April 29, 2015
“Shelby: “Hey, Dad. Richard and I just got home from Stateline ghost mine. It was awesome. Can’t believe I hadn’t been there before.”
Dad: “Stateline, huh? I actually have a spooky story from there…”
After Dad had told me about this encounter at Stateline, an old mining town like many that once thrived in the area, complete with abandoned homes, shops, mining equipment, and gaping mine shafts, I was legitimately wowed. It seemingly dwarfed my own adventure by a hundred times. But it only took a moment to realize that, while I am in this to relive the past, I am in it more to gain my own experiences with the past as a point of reference. The potential danger of Dad’s encounter was an adventure in itself, but it cut short what could’ve been a day full of discovery. But when you have a gut feeling, you simply can’t ignore it, particularly in such a remote spot. As curious as I am, I am glad he got out of there before finding out what he was dealing with. It is also likely one of the reasons why I wasn’t allowed on certain trips when I was a kid…
I took my own trip on a whim with my husband, Richard. (Never venture alone, particularly if nobody knows where you’re going.) I had a vague idea of what I was looking for and where to find it from a bit of research online and from checking out the old Desertislands content, but no clear directions. I knew I would head west on Hwy 56 toward Nevada, but turn off into Hamblin Valley near Modena. I knew I was looking for a dirt road nearing the border of Utah and Nevada, but I didn’t really know which one or how far… This resulted in a little frustration in Richard, who was driving.
We did find it, but not without the help of an old farmer or rancher who witnessed our struggle in our ’93 Honda Civic and pointed us in the right direction. We had warmth and sunshine on our side, and total isolation from any other living person, and spent hours exploring and photographing everything.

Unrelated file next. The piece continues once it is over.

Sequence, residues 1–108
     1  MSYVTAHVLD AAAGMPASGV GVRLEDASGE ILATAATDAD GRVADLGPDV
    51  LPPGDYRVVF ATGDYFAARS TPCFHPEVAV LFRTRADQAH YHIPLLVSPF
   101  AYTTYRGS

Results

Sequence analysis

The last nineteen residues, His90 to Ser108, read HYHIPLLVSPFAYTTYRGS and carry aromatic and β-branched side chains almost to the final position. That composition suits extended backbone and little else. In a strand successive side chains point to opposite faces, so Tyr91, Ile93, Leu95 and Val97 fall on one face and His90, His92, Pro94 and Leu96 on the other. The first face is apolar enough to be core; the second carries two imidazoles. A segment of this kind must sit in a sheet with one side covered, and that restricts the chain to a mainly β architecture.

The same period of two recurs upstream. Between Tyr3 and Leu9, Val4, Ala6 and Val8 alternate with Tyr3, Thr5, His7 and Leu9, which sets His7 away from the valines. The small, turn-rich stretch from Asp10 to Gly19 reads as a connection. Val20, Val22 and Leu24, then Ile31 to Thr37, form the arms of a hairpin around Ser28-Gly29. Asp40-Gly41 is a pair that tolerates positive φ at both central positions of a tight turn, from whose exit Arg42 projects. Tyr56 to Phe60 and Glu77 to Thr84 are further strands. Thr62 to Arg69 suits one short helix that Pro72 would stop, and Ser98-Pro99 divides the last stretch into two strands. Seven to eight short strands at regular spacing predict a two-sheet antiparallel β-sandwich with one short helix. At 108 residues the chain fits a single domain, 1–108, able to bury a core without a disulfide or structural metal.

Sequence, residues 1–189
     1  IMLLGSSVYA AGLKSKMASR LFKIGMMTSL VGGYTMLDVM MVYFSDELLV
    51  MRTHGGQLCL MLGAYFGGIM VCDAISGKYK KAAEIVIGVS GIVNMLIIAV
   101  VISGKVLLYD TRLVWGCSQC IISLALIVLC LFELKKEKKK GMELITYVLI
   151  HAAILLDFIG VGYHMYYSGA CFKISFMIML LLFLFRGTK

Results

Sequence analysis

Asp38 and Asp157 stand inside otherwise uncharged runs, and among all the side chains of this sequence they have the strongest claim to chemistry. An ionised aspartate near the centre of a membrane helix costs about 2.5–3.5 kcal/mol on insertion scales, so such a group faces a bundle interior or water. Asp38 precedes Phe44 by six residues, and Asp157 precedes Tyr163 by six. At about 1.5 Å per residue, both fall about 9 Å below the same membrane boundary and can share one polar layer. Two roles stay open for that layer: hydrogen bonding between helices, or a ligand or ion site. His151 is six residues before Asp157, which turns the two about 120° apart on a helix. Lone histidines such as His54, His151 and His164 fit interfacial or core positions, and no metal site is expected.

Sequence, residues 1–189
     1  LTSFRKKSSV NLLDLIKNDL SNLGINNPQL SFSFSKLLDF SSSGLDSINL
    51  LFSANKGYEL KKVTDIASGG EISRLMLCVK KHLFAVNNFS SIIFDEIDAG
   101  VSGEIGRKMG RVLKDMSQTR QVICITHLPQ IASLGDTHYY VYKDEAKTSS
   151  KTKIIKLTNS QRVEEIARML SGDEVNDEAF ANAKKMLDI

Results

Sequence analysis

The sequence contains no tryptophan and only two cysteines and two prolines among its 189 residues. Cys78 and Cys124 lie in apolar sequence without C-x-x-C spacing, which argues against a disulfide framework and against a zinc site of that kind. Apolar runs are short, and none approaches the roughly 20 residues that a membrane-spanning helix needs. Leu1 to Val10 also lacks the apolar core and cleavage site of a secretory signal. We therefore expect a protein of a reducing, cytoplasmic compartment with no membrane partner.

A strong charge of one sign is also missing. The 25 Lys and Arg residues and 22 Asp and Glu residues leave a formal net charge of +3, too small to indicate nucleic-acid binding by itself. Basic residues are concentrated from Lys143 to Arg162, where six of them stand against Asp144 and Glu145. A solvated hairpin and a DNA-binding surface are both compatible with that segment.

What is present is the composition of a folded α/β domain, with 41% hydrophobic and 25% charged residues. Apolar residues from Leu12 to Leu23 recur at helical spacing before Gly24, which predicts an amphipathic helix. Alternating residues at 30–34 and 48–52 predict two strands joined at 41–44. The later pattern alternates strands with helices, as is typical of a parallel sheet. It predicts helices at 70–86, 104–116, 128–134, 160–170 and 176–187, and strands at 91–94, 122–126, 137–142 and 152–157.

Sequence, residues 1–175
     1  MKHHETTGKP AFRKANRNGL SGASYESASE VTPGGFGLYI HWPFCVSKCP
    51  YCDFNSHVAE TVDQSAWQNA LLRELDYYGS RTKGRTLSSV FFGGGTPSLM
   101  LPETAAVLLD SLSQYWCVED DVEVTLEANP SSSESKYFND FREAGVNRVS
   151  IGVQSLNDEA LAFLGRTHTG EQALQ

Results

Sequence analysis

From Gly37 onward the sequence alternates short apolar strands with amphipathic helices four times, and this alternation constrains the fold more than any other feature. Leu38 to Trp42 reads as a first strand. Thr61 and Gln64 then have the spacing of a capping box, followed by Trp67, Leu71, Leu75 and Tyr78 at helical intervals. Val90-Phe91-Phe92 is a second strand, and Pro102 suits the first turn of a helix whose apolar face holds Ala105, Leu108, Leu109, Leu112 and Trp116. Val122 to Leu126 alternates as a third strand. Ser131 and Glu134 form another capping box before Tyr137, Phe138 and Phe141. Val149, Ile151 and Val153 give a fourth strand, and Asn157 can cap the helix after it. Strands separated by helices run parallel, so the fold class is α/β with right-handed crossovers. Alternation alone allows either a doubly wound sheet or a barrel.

That’s not to say we had no danger or fear. The buildings were rickety, and Richard braved the second story of an ore-processing building despite the questionable stability. There were snakes galore (an old boarded up well containing tons of garter snakes–spooky sight, but ultimately harmless), only one rattlesnake though, which did force us to take a more treacherous route due to its location. Certain areas, one house in particular, also just had a particularly creepy vibe. Like, we walked up to it, and it was as if we had intruded on someone else’s space, though the only possible evidence of that was a large jug of urine and a more well-used appearance to the area. Overall though, an amazing place that I finally got to experience for myself after years of envy that Dad and his friends seemed to frequent these more risky spots.
Oh! And by the way, Dad’s story of that snowy day in April didn’t end at Stateline:
“After leaving Stateline we decided to go over Indian Peak Pass on the northwest end of Hamlin Valley. Mind you, it’s snowing, and it’s April. We got up near the top and we were turned back by a very deep snow drift. On the way back down, I caught a glance of a mound of rocks. We stopped. We went to observe the mound more closely. We were intrigued. So, we began removing rocks from the mound. We quickly found a piece of weathered paper between the rocks. On the paper was written, ” Here lies…” the rest of the message had been washed away by the inclement weather…”
Who’s to say what or who was beneath that mound of rocks. I’ve only just started investigating, and I don’t really expect to find any answers. But one thing’s for certain: It warrants an investigative outing to Indian Peak in the near future, and you can be sure I’ll post any findings or lack thereof here.